A meeting between community members and the Waldo Theatre’s board of directors shed some light on the landmark venue’s current situation as well as two paths for its future.
The meeting, held at Old Number Nine in Waldoboro April 1, drew about 35 to 40 people including the four member theater board.
According to board members and a hand-out, the theater has been closed for the last year, producing no income during that time; has $9,000 in outstanding bills, and needs roughly an additional $10,000 just to open the doors for the 2015 season, including a $6,000 upfront cost for insurance.
Whether or not the theater will in fact open this year is yet to be determined, according to board President Melissa Hearth. The board is also facing a decision of whether to remain a community theater or partner with investors, she said.
The board has been recently in contact with people willing to put a large amount of money into the Waldo, but the theater would also change to one more along the lines of the Strand in Rockland, Hearth said.
The Strand has a focus on films and live performances of musicians and comedians; the Waldo has offered all those as well in past years, but also had an emphasis on live youth and adult dramatic performances.
The Waldo’s board has yet to discuss the investors’ option, but plans to soon, Hearth said. The other parties have discussed timing for the possible changes in 2016, she said.
Youth theater and family shows have primarily supported the theater for the last eight years, Hearth said. The question has been posed as to whether the Waldo needs to up its ante and bring in bigger acts, she said, but there are complications.
“We have to guarantee ticket sales,” she said. “We can’t sell $15 tickets for something that costs us $5,000.”
The theater has the potential to seat up to about 290 people.
A “community guided season,” as outlined in the handout, could include the youth and family shows, concerts, comedians, art exhibition, open mic nights, competitive performances such as one-acts, or jam sessions.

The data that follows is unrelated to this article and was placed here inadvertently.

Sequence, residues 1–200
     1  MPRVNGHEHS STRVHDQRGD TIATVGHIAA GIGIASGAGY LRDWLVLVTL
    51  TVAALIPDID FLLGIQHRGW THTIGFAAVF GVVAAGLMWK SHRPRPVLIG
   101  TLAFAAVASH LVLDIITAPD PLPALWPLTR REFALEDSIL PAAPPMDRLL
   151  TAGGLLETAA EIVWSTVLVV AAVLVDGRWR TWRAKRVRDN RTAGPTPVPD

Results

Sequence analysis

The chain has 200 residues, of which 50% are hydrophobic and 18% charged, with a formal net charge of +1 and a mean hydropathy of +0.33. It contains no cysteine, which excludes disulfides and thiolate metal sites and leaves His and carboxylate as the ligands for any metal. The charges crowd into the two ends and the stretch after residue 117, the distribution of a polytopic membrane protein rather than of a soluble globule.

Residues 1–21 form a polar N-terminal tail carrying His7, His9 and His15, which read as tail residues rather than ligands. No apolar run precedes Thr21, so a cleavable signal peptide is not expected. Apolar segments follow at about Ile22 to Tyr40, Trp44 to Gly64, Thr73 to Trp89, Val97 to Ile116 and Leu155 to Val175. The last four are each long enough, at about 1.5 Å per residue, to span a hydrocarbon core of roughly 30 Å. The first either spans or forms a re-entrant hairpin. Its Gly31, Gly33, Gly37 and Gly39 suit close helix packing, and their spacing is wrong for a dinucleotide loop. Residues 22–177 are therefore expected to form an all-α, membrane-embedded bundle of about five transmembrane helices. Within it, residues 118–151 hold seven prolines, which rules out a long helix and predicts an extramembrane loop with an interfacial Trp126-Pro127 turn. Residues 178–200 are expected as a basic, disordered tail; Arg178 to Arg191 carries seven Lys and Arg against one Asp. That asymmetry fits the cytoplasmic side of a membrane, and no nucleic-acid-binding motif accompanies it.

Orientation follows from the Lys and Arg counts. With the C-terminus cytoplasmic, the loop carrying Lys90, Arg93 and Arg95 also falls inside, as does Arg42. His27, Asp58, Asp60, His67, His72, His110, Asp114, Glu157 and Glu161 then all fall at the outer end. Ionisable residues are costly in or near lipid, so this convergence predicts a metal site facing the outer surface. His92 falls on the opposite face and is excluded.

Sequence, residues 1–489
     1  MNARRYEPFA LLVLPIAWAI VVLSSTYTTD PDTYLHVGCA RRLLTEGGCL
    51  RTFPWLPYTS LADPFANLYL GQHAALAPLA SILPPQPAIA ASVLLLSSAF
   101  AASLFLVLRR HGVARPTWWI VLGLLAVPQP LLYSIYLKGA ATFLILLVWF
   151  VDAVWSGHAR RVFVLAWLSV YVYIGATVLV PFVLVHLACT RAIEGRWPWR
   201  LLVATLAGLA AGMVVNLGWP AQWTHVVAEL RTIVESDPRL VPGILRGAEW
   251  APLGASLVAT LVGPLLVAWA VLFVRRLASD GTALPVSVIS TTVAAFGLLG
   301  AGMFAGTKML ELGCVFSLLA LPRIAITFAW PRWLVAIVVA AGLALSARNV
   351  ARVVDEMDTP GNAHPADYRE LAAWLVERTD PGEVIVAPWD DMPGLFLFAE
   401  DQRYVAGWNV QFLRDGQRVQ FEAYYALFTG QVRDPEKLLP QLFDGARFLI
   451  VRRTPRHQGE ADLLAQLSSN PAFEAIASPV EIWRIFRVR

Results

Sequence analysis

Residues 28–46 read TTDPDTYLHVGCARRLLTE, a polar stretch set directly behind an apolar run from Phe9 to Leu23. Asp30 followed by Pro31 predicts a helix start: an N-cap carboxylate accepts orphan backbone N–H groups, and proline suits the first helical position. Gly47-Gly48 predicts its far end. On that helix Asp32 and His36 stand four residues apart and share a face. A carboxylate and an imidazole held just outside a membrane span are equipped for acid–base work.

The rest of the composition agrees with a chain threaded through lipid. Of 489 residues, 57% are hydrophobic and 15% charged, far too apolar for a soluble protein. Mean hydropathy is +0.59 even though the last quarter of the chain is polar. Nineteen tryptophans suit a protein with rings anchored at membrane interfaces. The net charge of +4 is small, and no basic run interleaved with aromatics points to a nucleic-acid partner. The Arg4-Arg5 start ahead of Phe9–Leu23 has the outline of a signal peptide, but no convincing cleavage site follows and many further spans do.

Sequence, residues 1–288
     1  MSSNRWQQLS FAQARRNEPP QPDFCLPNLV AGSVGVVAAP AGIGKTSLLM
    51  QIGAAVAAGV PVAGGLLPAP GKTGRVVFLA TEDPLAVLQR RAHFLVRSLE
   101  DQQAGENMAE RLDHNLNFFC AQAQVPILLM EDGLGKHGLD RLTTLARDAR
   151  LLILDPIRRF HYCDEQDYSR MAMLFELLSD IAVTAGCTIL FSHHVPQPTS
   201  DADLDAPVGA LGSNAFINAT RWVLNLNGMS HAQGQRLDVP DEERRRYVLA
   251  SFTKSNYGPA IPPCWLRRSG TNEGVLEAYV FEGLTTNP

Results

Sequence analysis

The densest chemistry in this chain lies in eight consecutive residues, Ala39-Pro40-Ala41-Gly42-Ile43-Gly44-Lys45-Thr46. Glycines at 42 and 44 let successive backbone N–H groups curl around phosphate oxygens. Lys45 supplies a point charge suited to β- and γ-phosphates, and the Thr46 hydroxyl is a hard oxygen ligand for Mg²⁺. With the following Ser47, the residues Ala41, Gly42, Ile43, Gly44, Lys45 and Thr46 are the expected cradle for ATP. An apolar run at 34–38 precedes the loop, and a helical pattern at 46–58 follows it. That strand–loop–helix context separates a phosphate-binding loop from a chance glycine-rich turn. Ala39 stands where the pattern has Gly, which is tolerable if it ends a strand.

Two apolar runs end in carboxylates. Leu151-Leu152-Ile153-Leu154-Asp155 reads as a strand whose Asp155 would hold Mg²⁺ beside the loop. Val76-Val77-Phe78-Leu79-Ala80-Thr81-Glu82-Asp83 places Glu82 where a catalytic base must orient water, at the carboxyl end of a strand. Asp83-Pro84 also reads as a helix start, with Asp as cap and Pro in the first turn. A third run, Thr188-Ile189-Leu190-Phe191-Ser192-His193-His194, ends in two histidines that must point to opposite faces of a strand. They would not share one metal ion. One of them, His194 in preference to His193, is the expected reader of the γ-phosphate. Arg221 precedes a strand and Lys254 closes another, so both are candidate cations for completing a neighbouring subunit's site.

Board members repeatedly pointed to a need for people to put time and effort in to the theater to make it work, and encouraged participation in a number of committees such as fundraising or season development.
“It really takes an army to run a theater, not a small group of people,” Melissa Hearth said. The board wants to reopen the building this year, but will be contingent on participation and support, she said.
The board is most interested at this point in hearing from the community on what people are interested in doing and how much they are willing to participate in the process, Hearth said.
Several people did volunteer at the meeting to serve on a fundraising committee, and many of those in attendance expressed an interest and willingness to participate with the theater in one fashion or another.
A substantial portion of the discussion focused on the structure of the theater’s board, organization and membership.
After the repeated plugs by board members for others to participate and contribute, suggestions from the public to bring on additional board members sooner rather than later were met with some reluctance by the board.
Oren Robinson, of Waldoboro, asked if the board would accept the vote of people in attendance to elect some new board members, but board member Chrys Hearth said it wasn’t something he would accept “on the spot.”
The strengths or commitment of those people wouldn’t be known to the current board, and the group could vote the current four members out, which wouldn’t make sense, Hearth said.
According to board member Tod Widdecombe, the current four board members are the only members of the Waldo Theatre organization.
“We’re the only people who’ve stuck it out with this theater,” Widdecombe said.
The “worker bees” who contribute to the effort are those who should be on the board, Chrys Hearth said.
Hearth did say, however, the board is drafting new bylaws to replace its current ones, which have gone missing, to establish an ideal range for the number of board members, to establish a process for the organization’s members to elect the board annually, and to define exactly what qualifies someone as a organizational member.
The goal for the definition of a member is to base it on people’s efforts rather than solely on monetary contributions, he said.
According to Hearth, there is no reason a draft of the bylaws could not be shared with the public for input once they are a little further along, and said the theater’s Facebook page, and website, www.thewaldo.org, once it is updated in coming weeks, would be a source for such information.
“We want to be fully transparent,” Melissa Hearth said, adding that the board will reach out to contact people who filled out contact cards at the meeting.
Former Waldo board member Steve Cartwright encouraged the current board to make its meetings open to the general public, but received no commitment from the board.
According to a post on the Waldo’s Facebook page after the meeting, “more people WILL be added to the board, and committees will be set up and put in motion in accordance with the goals set by the governing parties and associates.”
The post goes on, saying the direction the theater will take will be decided in the coming weeks and made public at another meeting in a month.
“The direction will be decided in conjunction with a cross section of the community who were both present and productive at tonight’s meeting, and have had a part in both the history and a vested and active interest in the future of the Waldo and its surroundings,” the post reads.